Wednesday, May 19, 2010

Sitting On Top of the World

Good ole Lenny. He says it.

This week, I've been a squeaky wheel. In a good way. I'm back on my home turf in LR, and work is tough, but I'm rising to the challenge. Here's an example.

Monday, I got paged to the OR around noon. One of the cardiothoracic surgeons is doing a new procedure once a week. EBUS, stands for endoscopic bronchial ultrasound-guided biopsies, or some such. Basically, the surgeon is doing bronchoscopies in the OR. Guiding lights down the trachea, and doing not-so-blindly guided biopsies through the tracheal mucosa into the bronchial hilar nodes. The ultrasound (not a perfect picture - I'm sure you all remember those embryo pics) helps to tell him where to stick the enlarged nodes, in hopes of getting a diagnosis.

I wandered into the gross room and chatted with the techs while my slides were being prepared. Happened to glance over at the first two smears, that had just been stained.

"What stain is this? I don't recognize it."

"It is the modified dif-quik."

My mind screamed in alarm and I reacted poorly out loud.

"What? The modified? I've never read that stain before!"

Three of my partners who read cytology prefer the modified, on immediate evaluation. Me and my estrogen lifeboat - she is currently on a cruise - like the dif-quik. A much quicker, easier stain to perform on dirty evaluation.

I yelled, "What makes anyone think I want to read this stain! I never read this stain. This is patient specimen, you are compromising. This is bullshit."

I called the supervisor of cytology, who was out to lunch. Quickly instructed the tech to go to the OR and instruct the nurses to air dry the subsequent smears, to perform my stain. Shook my head in disgust.

"Who planned this protocol? And why weren't Michelle or I informed?"

"Um, don't know. They thought it might be easier, to train his nurses on one protocol."

"As if M and I haven't been reading the same stain for, oh, three years for me and five for her, now? What made anyone think an immediate eval in the OR might be, oh, different? And does anyone think that any nursing team that the surgeon has is not intelligent enough to handle two protocols, like everyone in radiology?"

I sat down at the scope and stewed. Called a partner that prefers the modified and told him to be available for the next few minutes, in case I needed him. Luckily the specimen was no good, modified or not. Predominantly blood and benign bronchial cells.

Another tech, the one who made the protocol, wandered in. I apologized for my earlier rant.

"This is an immediate eval, on a patient. I'm scared of screwing it up, and that is where my anger came from (isn't that where all anger comes from - fear?). But what kind of harebrained person decided that M and I might suddenly switch our stain preference in a critical situation?"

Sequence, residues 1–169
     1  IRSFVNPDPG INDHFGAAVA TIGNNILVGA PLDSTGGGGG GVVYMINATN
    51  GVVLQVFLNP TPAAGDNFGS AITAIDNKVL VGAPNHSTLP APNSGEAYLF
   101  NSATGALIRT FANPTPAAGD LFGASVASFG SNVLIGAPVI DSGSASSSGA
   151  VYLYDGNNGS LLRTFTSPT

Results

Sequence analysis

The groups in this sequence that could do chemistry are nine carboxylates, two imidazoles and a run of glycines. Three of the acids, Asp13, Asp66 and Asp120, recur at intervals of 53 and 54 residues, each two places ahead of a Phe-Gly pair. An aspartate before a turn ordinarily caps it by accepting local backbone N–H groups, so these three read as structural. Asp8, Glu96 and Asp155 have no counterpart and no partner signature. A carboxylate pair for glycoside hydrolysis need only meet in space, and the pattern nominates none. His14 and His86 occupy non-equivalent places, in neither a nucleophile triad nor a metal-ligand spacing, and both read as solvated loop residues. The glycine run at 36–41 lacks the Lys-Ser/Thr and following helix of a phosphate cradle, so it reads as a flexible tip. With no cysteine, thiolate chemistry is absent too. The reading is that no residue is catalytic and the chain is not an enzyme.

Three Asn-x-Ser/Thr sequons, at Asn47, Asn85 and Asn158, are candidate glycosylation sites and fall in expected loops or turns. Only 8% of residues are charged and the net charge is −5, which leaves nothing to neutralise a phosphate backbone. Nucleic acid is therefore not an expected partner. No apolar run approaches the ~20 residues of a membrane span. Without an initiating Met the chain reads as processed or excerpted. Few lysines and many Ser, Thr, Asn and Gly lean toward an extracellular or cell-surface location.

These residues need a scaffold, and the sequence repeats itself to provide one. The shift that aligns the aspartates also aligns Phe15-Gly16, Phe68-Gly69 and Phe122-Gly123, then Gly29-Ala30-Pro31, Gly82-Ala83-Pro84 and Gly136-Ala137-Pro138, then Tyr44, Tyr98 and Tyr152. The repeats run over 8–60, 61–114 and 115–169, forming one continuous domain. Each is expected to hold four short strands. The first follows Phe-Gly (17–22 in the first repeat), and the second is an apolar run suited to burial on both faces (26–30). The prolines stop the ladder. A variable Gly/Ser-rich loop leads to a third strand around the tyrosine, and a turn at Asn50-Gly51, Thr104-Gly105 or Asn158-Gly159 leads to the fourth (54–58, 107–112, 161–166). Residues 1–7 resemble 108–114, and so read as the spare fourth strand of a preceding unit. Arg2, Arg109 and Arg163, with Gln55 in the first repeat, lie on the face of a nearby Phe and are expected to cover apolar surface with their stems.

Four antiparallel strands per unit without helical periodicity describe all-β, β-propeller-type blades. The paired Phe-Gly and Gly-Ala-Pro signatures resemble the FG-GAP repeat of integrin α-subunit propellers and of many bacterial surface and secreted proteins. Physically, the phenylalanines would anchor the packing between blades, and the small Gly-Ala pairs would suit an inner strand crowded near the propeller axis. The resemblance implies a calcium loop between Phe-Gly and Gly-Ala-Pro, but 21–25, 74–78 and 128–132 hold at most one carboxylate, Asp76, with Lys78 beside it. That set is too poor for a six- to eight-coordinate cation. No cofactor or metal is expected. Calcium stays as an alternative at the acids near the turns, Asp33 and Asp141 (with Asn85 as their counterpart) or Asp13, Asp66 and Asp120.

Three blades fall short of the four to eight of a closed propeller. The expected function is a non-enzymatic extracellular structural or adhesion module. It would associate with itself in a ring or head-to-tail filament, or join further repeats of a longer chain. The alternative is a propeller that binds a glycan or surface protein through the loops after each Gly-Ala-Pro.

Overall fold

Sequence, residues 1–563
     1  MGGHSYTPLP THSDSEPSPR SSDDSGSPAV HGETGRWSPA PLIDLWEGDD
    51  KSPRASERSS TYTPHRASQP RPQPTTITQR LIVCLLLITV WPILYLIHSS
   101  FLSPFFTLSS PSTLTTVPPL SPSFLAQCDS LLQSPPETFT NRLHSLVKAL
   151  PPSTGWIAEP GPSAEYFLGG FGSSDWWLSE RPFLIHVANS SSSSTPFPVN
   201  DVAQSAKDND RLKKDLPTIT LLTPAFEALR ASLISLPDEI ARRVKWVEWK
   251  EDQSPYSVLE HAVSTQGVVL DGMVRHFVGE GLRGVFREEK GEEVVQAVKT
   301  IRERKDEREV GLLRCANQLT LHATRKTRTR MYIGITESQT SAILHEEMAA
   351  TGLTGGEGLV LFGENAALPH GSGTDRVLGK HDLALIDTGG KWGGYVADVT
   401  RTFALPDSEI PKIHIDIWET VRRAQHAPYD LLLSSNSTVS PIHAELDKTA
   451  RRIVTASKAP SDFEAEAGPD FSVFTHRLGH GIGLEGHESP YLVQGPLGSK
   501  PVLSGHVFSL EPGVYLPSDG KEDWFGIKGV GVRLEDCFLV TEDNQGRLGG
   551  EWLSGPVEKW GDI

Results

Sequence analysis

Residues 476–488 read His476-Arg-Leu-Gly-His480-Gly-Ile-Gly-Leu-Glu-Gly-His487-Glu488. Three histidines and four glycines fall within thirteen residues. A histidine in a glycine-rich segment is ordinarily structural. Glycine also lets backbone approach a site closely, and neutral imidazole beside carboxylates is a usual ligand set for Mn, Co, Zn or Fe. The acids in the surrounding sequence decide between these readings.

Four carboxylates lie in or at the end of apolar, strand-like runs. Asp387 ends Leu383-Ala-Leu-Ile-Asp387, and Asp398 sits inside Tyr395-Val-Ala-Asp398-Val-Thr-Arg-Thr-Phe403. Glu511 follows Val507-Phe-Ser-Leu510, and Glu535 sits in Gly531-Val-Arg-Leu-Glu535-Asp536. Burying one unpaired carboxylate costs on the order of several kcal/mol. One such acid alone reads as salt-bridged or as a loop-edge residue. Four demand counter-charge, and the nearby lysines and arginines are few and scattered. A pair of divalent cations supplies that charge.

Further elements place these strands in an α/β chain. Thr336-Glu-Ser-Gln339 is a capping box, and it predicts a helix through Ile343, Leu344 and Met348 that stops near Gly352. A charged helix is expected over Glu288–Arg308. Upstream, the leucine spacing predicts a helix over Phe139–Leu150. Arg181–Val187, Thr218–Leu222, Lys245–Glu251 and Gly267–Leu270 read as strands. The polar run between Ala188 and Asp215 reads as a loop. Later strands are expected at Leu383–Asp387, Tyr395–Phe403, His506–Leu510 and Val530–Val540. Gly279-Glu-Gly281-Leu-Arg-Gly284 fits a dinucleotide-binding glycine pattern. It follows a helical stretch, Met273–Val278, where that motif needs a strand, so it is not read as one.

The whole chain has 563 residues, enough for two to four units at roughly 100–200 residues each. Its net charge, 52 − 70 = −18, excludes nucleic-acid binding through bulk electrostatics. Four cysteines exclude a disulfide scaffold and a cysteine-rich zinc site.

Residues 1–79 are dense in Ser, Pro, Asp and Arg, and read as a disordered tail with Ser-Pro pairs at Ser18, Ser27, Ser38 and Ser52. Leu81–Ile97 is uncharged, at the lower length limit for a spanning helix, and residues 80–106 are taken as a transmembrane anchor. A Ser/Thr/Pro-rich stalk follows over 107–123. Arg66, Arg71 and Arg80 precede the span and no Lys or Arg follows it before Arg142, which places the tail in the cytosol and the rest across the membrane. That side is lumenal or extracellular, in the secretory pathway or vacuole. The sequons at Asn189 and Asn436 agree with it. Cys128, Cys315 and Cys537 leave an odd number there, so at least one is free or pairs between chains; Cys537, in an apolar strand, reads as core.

"It was me, Dr. I wasn't thinking. Not hare-brained, just no-brained. I promise I will revise the protocol right away."

Jesus. OK. Everything went well, and the patient didn't suffer.

Also having a glut of FNA's this week - each patient experience deserves a blog post of its own. I'll refrain, and hit the highlights of a particularly moving one.

A woman, status post laryngectomy, was sent to me by her specialist to evaluate a new lump near the stoma site. He was worried about recurrent cancer. It was extremely painful to her, so I wasn't surprised to see inflammatory cells under the scope, and performed appropriate cultures in order to attempt to discover the offending culprits. After I made my final pass, her partner said, "She's been through a lot, this girl."

He listed numerous hardcore surgeries she had been through in the past few years, then moved on. "She lost both of her sons. Previously healthy. Freak accidents, in their young adult years. No woman should have to go through that."

I got all teary, and looked at her. She was teary too, but I had already made her that way by sticking a needle into her neck three times. So I wasn't sure where it was coming from, but grabbed her hand anyway, and looked into her eyes.

"I have two kids. God, what you must suffer. Just bringing kids into this world is facing a potential loss that is unimaginable to me."

I looked away. Couldn't go on, in front of the tech and the student. The tech helped her out of her chair, and I was thankful that I hadn't diagnosed a recurrent malignancy, which is what the clinician was fearing. I collected myself, and started in on the paperwork. As she walked out the door, I looked over at her.

"Nice to meet you. Good luck."

She walked over and grabbed my hand. "Thank you doctor. Very much." More wet eyes. Stuff emotion. Damn it.

I've got to prepare for early breast conference with the surgeons and oncologists. Need to bone up on metaplastic (chondroid) carcinoma, so I might sound intelligent. Work goes on.


Ginger said...

Regardless of the field, all Drs like their set-ups and preps done just so. I don't know how nurses keep it all straight, lol!

When I would work in the Urgent Care and did my own UA, I always had to read my micro stained. That was the way I had learned. I completely flipped out the time I was told there was no sedi stain available and I made an MA run across the street to the hospital to get some from the lab. I really didn't mean to be crazy.

Ginger said...

I sooo can't believe you didn't make fun of me for that... ;o)~

Gizabeth Shyder said...

I think I published this in my sleep, or I certainly would have made fun.

I've never read a U/A, and don't know what the hell a sedi stain is. We pathologists consider ourselves above the U/A. Pap smears and semen analysis, baby. Sorry, I can't top your emoticon.